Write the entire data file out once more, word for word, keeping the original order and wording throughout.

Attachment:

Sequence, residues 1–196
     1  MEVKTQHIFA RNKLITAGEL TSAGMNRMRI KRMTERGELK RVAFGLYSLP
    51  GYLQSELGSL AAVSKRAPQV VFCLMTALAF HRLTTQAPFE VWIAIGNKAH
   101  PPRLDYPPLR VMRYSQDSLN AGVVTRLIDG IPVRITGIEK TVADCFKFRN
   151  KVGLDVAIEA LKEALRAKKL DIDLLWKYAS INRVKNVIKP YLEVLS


Sequence, residues 1–196
     1  MEVKTQHIFA RNKLITAGEL TSAGMNRMRI KRMTERGELK RVAFGLYSLP
    51  GYLQSELGSL AAVSKRAPQV VFCLMTALAF HRLTTQAPFE VWIAIGNKAH
   101  PPRLDYPPLR VMRYSQDSLN AGVVTRLIDG IPVRITGIEK TVADCFKFRN
   151  KVGLDVAIEA LKEALRAKKL DIDLLWKYAS INRVKNVIKP YLEVLS